The person blamed customs, explaining that officers kept redirecting incoming trucks elsewhere.

UniLab sat idle, and Kenzhebaev was falling into debt and getting desperate. In the words of another insider, UniLab never got off the ground because senior customs officials, including Matraimov, made sure it could not succeed.

“As far as I know, [Kenzhebayev] tried to negotiate with them in good faith, saying, ‘Take this many percent, take this much.’ But it was no use,” another source said.

Even Kenzhebayev’s Russian ties proved useless.

He hosted members of parliament and the first vice prime minister at UniLab to seek support. He even wrote to President Almazbek Atambayev.

In the end, his efforts were in vain. UniLab did start operating — but only after Kenzhebaev and all his partners were gone. Under increasing pressure, they sold the company in November 2016.

The two men who initially took over — a wrestler and a police officer — held onto it for just seven weeks. One could not be reached by reporters; the other said he had nothing to do with the company.

UniLab then ended up in the hands of two other men, one of whom is an associate of the Abdukadyr family. The other has the appearance of a proxy, with no public presence or known business experience.

A business partner of Kenzhebaev’s, who cannot be named for safety reasons, described the deal as a corporate raid, using the Russian term “reiderski zakhvat” to refer to the practice, common in many former Soviet countries, of exerting pressure on company owners to sell their businesses for little or nothing, often with support from crooked officials.

“The company was simply grabbed away,” Kenzhebaev’s partner said.

“He defended himself alone. … There weren’t such people around us that could go against the state machine. It was pointless of him to ask anyone, because nobody would come to his defense.”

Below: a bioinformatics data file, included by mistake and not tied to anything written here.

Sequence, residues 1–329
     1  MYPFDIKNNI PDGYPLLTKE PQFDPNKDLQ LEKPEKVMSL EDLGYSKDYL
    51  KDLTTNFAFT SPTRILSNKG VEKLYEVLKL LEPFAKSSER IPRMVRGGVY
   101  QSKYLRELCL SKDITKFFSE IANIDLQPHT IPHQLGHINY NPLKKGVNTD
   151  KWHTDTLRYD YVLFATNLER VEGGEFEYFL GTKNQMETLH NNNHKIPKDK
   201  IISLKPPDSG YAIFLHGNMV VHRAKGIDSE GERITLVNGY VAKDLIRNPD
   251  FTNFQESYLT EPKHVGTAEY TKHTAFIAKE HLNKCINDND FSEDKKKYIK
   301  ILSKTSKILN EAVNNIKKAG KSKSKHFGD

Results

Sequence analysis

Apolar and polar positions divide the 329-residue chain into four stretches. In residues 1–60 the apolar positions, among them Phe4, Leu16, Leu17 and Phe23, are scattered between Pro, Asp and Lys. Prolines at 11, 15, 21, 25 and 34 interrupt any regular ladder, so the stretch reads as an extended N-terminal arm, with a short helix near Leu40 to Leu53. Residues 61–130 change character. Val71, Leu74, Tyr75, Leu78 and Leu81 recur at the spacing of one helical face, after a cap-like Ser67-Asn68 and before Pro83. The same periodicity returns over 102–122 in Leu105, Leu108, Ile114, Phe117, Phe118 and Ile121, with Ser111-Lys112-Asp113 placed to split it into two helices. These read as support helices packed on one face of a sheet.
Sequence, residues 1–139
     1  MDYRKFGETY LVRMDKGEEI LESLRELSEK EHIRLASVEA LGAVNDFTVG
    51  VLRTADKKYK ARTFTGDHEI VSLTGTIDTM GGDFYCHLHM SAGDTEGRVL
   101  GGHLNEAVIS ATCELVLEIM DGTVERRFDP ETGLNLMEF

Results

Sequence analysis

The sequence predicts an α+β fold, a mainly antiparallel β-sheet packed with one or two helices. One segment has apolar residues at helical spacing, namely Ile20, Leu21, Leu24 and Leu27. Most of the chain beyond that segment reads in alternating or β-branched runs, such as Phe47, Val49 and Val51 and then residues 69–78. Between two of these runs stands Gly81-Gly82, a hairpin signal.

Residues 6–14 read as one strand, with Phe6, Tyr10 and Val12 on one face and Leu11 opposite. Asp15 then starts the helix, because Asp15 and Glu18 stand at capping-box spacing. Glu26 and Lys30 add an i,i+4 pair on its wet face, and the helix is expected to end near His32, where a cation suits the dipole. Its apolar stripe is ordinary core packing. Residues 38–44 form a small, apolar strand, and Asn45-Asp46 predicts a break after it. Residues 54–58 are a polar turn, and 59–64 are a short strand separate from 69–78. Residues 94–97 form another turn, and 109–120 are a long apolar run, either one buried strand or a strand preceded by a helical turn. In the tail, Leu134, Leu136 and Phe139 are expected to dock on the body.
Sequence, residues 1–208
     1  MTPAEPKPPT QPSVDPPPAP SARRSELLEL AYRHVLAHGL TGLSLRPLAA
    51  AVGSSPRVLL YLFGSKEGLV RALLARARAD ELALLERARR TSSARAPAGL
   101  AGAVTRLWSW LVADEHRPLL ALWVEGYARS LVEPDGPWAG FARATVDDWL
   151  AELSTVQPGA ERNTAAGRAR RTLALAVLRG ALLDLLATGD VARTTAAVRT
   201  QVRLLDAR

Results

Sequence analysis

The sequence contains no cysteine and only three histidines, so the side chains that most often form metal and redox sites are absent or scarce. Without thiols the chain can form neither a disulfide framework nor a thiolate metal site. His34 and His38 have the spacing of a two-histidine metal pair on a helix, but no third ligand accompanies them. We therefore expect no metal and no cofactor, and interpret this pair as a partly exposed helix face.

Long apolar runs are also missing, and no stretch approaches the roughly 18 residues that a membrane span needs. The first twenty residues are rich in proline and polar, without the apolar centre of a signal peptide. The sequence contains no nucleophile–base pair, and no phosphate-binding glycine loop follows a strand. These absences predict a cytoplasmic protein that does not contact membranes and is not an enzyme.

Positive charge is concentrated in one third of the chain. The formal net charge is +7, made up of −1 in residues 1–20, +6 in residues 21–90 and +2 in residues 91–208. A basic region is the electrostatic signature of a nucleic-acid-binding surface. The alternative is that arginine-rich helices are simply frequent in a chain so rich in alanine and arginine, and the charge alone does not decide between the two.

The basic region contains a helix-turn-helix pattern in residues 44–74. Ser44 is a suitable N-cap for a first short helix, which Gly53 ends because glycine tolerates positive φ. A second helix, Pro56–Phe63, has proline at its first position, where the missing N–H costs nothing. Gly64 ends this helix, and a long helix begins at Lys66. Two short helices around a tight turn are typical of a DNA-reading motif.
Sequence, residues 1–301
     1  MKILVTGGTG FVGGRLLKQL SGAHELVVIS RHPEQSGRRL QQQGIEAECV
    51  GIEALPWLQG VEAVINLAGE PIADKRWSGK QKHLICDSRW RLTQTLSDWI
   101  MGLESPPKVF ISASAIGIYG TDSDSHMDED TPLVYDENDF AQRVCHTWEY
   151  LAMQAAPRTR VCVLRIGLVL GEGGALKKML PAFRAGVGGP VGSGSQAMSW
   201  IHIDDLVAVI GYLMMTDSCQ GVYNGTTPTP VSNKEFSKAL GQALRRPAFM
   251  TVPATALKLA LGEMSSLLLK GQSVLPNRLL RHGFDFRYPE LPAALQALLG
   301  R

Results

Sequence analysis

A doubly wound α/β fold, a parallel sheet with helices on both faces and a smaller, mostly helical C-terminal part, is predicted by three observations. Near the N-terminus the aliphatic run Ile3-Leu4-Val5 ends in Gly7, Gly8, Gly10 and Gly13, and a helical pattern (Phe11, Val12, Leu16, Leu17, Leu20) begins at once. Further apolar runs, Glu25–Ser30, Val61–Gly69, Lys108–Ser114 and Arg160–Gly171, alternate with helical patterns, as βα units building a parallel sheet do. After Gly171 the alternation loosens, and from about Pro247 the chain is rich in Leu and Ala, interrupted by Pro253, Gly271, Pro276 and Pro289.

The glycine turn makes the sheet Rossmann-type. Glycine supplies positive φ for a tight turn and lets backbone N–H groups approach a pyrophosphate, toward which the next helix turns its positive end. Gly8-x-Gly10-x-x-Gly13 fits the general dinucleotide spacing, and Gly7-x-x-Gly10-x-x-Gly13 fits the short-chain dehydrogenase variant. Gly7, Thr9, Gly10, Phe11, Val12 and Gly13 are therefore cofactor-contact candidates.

When reporters approached Kenzhebaev, he refused to discuss UniLab. On a visit to Kazakhstan in December 2019, he was arrested in the Almaty airport and extradited to Kyrgyzstan. A Chinese citizen had filed a complaint against him for fraud, Kyrgyzstan’s State National Security Committee said.

In a public video statement right after Kenzhebaev’s arrest, his partner, the daughter of prominent Kyrgyz writer Chinghiz Aitmatov, said she believed the charges were an attempt to put pressure on her anti-corruption movement, Umut 2020. She declined to speak to reporters for this story.

Though Kenzhebaev has been in detention for nine months, he has not been indicted.

Meanwhile, drivers and logistics specialists told reporters that UniLab is now, in the words of one broker, where “everything happens.”

While it was in Kenzhebaev’s hands, customs officials steered incoming trucks elsewhere. Under its new ownership, they are directing all Chinese goods along the northern route to the facility.

The Southern Route

Kyrgyzstan’s only other border crossing with China, Irkeshtam, is a hundred miles southwest of Torugart as the bird flies — but far further by road. Trucks originating in Kashgar that cross here will pass through the southern trading city of Osh and on to Uzbekistan’s capital, Tashkent, in what locals call the “southern route.”

The dominant player on this route is Abu Sahiy, the trading empire established by the Abdukadyr family. (The word sahiy means ‘generous’ in Uzbek, while Abu is short for Khabibula, the family’s patriarch.) This business, which actually consists of multiple Chinese, Kyrgyz, and Uzbek companies, hauls goods from China’s Xinjiang region into Kyrgyzstan, then to Tashkent and beyond.

After crossing into Kyrgyzstan from China, Abu Sahiy trucks — and almost exclusively Abu Sahiy trucks — stop at a private customs terminal right on the Uzbek border run by a company called Mega Logistik. This facility, which people in the industry simply refer to as “Abu Sahiy,” is used to unload the Chinese goods. They are then reloaded onto different trucks for onward travel to Uzbekistan.

By OCCRP, Kloop, RFE/RL’s Radio Azattyk and Bellingcat, 2 October 2020